I know what you’re thinking…the term “valley girl” is most often described as a female from California with a certain recognizable accent. And you’d be right. Except I’m speaking from a different valley, not one on the West Coast. I’m referencing a very real valley, yet one not locatable on a map. The valley I know is one of internal recognition. You likely haven’t seen it, but you might have or have had your own to traverse through. We all experience the valleys in some manner…that first step descendant into downward motion. We might have been
leveled off for years, or always optimistic, feeling that uphill foray with fire in our toes. But something, a situation, a life-changing unfolding comes to roost unexpectedly.
I know several valleys, some in which I’ve occupied real estate for years. I recently spoke about ‘Everests’ I’ve faced, which I still feel. However, now I can ascertain perhaps those mountains were actually valleys. Because on the mountain top you have sure and crystalline clarity. Because on the climb, you know you’re getting somewhere so positivity keeps you moving forward. But in the valleys, you don’t know those things. Valleys can be a beautiful spaces, rich in wildflower colors and green beyond, but they are simultaneously low terrain.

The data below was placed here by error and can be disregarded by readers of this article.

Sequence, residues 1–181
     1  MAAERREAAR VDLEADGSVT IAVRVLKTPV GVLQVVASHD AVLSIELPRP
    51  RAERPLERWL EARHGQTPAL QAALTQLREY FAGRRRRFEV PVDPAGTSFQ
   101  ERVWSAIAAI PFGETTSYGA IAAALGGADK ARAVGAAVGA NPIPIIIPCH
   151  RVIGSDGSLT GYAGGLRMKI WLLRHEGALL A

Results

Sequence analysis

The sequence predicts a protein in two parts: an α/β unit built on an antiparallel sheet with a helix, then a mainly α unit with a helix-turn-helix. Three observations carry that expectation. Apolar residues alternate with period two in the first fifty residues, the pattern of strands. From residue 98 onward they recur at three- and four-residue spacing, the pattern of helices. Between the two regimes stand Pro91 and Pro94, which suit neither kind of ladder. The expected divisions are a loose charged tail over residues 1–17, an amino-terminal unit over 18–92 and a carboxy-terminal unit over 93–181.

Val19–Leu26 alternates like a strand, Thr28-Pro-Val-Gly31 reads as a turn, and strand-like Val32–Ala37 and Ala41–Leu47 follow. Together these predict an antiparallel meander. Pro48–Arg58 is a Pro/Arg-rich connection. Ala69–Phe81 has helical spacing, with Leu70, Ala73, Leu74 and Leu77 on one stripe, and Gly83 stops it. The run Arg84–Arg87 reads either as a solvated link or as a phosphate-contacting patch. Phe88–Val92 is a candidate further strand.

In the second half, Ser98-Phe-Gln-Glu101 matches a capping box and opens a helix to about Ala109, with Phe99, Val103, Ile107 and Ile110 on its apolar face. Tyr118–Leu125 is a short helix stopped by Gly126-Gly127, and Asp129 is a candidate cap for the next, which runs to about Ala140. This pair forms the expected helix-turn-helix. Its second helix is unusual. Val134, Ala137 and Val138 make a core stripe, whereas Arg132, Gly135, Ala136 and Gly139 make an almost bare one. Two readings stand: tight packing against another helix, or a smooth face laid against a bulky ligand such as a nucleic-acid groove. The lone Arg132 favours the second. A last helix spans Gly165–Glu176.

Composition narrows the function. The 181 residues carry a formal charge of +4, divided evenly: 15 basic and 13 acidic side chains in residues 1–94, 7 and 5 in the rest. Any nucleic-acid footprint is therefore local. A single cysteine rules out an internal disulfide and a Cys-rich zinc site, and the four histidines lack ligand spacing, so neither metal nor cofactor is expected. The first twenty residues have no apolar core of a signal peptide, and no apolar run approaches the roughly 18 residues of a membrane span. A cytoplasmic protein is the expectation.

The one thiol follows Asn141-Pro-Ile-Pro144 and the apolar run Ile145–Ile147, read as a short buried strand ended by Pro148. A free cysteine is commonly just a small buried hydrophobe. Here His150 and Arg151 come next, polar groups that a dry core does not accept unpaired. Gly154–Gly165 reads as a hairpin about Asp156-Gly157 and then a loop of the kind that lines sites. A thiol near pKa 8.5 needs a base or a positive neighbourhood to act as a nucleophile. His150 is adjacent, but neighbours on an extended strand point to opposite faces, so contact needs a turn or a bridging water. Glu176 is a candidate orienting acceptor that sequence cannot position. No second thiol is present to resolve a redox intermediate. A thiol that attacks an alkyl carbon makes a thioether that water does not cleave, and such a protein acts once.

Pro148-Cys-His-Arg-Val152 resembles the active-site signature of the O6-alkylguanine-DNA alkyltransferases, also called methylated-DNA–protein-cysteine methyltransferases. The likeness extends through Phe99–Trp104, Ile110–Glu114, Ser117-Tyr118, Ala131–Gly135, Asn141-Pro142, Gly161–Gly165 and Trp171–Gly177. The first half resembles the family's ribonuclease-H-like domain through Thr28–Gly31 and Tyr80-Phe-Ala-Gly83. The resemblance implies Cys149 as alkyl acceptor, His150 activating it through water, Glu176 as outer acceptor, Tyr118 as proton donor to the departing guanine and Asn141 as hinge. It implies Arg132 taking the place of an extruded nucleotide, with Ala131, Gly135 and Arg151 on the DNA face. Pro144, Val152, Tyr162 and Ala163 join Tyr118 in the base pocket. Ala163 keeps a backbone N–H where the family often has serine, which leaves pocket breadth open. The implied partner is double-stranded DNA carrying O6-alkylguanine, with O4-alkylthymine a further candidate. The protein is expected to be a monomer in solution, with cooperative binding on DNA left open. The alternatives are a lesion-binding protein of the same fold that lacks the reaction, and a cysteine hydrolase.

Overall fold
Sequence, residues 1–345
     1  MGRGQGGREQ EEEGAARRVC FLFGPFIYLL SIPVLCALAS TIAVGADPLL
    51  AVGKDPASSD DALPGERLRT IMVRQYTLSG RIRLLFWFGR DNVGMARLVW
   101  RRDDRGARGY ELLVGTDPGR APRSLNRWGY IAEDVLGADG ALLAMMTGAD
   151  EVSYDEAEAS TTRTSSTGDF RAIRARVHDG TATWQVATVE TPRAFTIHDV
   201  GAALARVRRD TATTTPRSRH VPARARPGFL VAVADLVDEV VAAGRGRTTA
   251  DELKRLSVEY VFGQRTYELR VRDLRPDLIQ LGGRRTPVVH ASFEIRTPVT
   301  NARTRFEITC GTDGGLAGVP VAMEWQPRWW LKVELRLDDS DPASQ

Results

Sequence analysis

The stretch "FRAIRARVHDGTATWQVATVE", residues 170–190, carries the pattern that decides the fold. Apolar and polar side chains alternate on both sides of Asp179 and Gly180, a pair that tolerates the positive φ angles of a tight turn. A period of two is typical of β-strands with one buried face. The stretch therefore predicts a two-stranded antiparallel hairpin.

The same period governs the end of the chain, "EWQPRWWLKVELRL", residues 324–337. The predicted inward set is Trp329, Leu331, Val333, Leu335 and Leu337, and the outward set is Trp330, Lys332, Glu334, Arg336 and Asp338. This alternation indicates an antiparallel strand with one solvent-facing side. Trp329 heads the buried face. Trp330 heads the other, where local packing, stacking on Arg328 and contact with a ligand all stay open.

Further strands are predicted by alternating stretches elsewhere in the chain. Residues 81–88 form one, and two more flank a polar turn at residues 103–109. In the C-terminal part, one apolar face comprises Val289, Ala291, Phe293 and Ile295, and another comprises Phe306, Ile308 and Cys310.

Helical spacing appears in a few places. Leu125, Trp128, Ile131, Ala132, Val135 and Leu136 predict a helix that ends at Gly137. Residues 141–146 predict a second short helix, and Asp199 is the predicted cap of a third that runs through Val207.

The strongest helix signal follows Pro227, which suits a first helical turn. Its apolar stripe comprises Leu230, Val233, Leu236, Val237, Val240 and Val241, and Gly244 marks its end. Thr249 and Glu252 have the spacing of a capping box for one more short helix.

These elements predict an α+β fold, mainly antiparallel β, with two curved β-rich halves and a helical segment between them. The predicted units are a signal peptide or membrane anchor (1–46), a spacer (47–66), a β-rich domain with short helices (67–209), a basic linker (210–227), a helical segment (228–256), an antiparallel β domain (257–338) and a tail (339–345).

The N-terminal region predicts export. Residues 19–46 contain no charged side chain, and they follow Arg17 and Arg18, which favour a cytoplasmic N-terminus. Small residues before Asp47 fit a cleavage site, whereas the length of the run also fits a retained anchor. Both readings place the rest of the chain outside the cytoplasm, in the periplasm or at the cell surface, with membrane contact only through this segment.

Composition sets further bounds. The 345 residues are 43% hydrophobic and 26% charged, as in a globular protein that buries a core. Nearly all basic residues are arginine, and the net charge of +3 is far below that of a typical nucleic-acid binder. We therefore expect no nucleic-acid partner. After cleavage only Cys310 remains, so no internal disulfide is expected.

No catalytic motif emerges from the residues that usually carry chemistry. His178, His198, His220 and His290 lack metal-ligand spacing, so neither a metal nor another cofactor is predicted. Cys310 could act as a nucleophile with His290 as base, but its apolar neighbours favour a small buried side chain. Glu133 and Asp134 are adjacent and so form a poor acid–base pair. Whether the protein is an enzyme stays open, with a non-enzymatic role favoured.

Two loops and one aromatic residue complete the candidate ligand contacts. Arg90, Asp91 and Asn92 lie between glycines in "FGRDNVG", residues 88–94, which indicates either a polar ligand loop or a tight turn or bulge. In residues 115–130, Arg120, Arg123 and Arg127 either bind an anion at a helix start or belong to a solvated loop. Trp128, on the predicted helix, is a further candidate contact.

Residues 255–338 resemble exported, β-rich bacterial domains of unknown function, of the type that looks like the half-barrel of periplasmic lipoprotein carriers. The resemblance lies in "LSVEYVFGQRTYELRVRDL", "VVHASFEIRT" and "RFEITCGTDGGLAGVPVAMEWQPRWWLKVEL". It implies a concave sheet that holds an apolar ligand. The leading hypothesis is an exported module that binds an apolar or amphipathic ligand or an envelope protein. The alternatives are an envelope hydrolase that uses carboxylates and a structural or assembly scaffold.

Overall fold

The valleys I’ve ambled through in my first forty years have been daunting, forbidden places. They certainly rearranged me to the core, as in I’m not who I was. Much like one would change the furniture in a room, my interior scenery has morphed. Pain can do that. As a young woman in her early twenties, I never expected to face the valleys I have. I didn’t expect to lose my first husband to divorce, my seven pregnancies to miscarriages, or my second sweet and loving husband to death at the young age of forty. I could not have predicted how life’s circumstances would take me from valley to valley. Losing David is something I’ll never exit the valley over. And that’s okay. I’ve made a beautiful place there full of pink peonies and clovers. I’ve made peace that I’ll remain in that valley as long as I live.
The beauty of the valleys is that’s often where we see God’s most imaginative work because we have to look harder. It’s easier on a peak to survey the land 360 degrees. The valleys, though, you have to appreciate what’s right under you. When I have conversations with God, I imagine my saying, “But I prefer the mountain top!” And I envision God reminding me, “The air is thin up there. You like deep breaths. You like greenery and flowers close to you anyway. Keep your feet in the valley.” In many ways, that’s my comfort zone. So when I root the soles of my feet into the valley soil, it’s not despairing now, it’s comfortable. And I trust that ultimately the Creator of the valleys knows the path my feet will trod. I rest in that, nestled among the wildflowers.